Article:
Sunflowers make a beautiful addition to gardens in the summer and a great science project for kids but are their seeds also an overlooked source of essential nutrients?
What are the benefits of sunflower seeds?
Sunflower seeds are rich in Vitamin E, copper, B vitamins like thiamine, selenium, magnesium, fiber, folic acid, and more. They are a source of essential fatty acids; especially linoleic acid and oleic acid. Additionally, sunflower seeds are also an excellent source of amino acids (especially tryptophan) which make up the building blocks of proteins, B Vitamins, phytosterols, and more. They are also a source of healthy polyunsaturated fats which your body needs.
What is the nutritional breakdown of sunflower seeds?
Can sunflower seeds help improve my health?
As well as helping maintain your body, sunflower seeds are are most highly correlated with boosting cardiovascular health thanks to their ability to reduce “bad” LDL cholesterol and to prevent hypertension.
Since they also contain minerals like magnesium and selenium, you may also find they help with ‘growing pains’, leg cramps, and tension headaches.
Vitamin E is a powerful antioxidant that helps to reduce inflammation throughout the body. This makes it popular for warding against everything from heart disease, to helping with IBS, or with chronic inflammation as the result of multiple allergies / intolerances.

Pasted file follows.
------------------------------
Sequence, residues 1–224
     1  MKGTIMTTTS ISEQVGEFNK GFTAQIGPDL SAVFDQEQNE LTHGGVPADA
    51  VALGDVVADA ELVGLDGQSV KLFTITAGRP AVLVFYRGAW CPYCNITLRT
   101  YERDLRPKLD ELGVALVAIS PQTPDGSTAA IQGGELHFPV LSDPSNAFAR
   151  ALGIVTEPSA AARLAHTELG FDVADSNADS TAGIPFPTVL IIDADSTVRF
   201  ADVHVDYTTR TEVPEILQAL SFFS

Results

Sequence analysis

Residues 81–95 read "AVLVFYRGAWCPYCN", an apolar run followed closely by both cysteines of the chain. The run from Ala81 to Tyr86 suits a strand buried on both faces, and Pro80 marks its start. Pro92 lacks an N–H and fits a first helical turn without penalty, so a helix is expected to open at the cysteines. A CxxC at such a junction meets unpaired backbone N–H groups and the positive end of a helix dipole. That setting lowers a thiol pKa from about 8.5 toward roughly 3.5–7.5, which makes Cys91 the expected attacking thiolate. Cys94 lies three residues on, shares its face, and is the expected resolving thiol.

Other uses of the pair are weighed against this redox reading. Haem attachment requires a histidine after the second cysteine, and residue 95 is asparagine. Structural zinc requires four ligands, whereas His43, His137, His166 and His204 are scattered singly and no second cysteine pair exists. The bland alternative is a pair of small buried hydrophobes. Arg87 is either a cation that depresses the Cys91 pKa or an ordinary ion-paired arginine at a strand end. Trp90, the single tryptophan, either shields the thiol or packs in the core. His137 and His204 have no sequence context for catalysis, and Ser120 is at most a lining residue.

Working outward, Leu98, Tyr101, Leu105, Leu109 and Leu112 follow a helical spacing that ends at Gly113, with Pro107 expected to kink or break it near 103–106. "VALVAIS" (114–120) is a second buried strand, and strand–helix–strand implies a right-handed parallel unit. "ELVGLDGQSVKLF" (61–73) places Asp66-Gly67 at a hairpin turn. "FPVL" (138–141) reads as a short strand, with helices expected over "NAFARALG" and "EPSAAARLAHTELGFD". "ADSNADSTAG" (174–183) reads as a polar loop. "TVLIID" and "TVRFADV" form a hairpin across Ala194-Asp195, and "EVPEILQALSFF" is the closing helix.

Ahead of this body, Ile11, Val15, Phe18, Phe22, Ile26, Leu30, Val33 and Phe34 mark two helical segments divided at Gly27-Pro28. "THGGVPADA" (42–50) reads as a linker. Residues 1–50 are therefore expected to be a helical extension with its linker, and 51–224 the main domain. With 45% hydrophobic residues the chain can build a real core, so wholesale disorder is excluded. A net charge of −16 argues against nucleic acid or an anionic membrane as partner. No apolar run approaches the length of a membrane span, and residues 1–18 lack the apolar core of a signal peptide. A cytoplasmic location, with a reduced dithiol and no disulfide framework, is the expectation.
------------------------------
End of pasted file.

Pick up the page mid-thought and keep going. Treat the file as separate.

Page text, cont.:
In my case, I have a child with multiple allergies (from grass pollen, to dust mites, to food), and Irritable Bowel Syndrome (IBS), and autism (with associated digestive / gut issues), so anything I can include in her diet that helps with inflammation is great!
What are easy ways to include sunflower seeds in my diet?
You could buy them coated in chocolate or dusted in flavourings (like sour cream and chives) but that’s off-setting their health benefits with other calories and additives! Here are some healthier (and still easy!) ways to eat sunflower seeds:
- Toast raw sunflower seeds in the oven with a little rice bran or coconut oil + salt.
- Make sunflower butter. (Just like making your own peanut butter!)
- Add sunflower seeds (raw or toasted) to salads.
- Use fine ground sunflower seeds to dust your meats with in place of flour.
- Sprinkle some ground LSA (linseed-sunflower-almond) onto rice or porridge.
- Include 1-3 Tablespoons of ground LSA (linseed-sunflower-almond) when baking bread or making Easy Carrot Cake or Fruit crumble etc.
- As a seasonal treat, for Thanksgiving or Christmas, consider making candied sunflower seeds instead of Candied Salted Caramel Pumpkin Seeds.